We had several days of dense, set in fog. We walked to the marina near our house to see how the fog looked over the river.
The St. Johns River meanders through Jacksonville dividing the city center in two. There are seven bridges in Jacksonville. Five connect the old to the not as old.
There is a public boat launch two blocks from us. Two old tugs are on one side spewing industrial sounds and smells. A private marina with sailboats is on the other side giving a stark contrast to this working river.
We’ve lived here almost 2 years and when we walk to the marina we have views of the bridge that carries our granddaughter’s school bus over the river 5 days a week. That bridge also connects us to some of our favorite restaurants and move theater.
When we walked to the river that foggy morning the bridge that spans nearly half a mile was invisible. I thought about the view she must have had from inside the school bus and could understand the concern she had expressed to us. They wouldn’t be able to see the water below or the land on the other side. Only the vehicles nearest would be visible. It would be scary.
We were surprised at what we couldn’t see and at the beautiful reflections in the water we could see. Tug boats aren’t visually appealing but their reflection held a certain interest.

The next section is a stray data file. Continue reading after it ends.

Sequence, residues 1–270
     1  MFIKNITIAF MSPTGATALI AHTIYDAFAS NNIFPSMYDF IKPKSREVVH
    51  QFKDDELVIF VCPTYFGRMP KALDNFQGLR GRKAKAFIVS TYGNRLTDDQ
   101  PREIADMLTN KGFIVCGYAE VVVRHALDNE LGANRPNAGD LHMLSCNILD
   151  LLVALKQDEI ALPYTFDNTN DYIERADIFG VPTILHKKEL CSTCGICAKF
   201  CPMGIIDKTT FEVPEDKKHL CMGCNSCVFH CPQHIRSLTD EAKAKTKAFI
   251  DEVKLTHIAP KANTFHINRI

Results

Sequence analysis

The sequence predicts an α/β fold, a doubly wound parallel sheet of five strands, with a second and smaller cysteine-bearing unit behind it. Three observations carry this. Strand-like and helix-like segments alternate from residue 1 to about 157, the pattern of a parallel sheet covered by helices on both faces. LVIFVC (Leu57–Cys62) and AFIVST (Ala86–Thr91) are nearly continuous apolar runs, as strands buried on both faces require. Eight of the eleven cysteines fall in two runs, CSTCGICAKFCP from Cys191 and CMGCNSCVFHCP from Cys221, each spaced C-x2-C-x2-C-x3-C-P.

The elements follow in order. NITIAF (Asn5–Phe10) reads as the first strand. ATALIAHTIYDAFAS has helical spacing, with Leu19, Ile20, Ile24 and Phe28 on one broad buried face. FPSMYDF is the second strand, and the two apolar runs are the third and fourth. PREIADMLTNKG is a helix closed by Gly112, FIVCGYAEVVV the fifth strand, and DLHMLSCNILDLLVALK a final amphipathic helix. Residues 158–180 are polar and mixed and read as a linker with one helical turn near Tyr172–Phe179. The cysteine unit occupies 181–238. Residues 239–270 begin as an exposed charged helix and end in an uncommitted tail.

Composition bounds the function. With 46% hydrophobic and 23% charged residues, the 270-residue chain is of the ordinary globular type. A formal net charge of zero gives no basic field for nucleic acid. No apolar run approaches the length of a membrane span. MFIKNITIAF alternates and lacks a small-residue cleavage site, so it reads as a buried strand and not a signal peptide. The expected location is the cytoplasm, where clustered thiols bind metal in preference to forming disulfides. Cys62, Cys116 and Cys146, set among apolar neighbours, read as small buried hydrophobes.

The reflection of the dock that extends past the tugs was especially beautiful as the fog gave it a deep sense of quiet.
We were ready to leave when Henry said there’s a dolphin!
I had already put the lens cap on my camera but I pulled it off and switched the camera back on while my eyes scanned the water. A minute or so and there was the graceful turn of the dolphin. We only caught a glimpse. We’ve seen dolphins in the ocean when we lived in South Florida and in the gulf but you rarely see more than glimpses. It keeps us watching and wanting more.
It made me think of the glimpses of hope we see. It’s often only a quick look but it’s enough to keep the flames of hope alive.
When I see the glimmer of hope in the eyes of family, the ones hoping their son/brother/spouse will finally find recovery, it fuels my hope to share with them.
The prayers said for scary diagnoses, for unexpected losses, and fears of uncertainty are all a quick glimpse of hope. But it’s enough.
It’s enough for me to keep hoping, praying, loving. Like the brief sightings of dolphins, it’s not enough, I want more.
So is the flash of hope. I want more. And to want more is living in hope.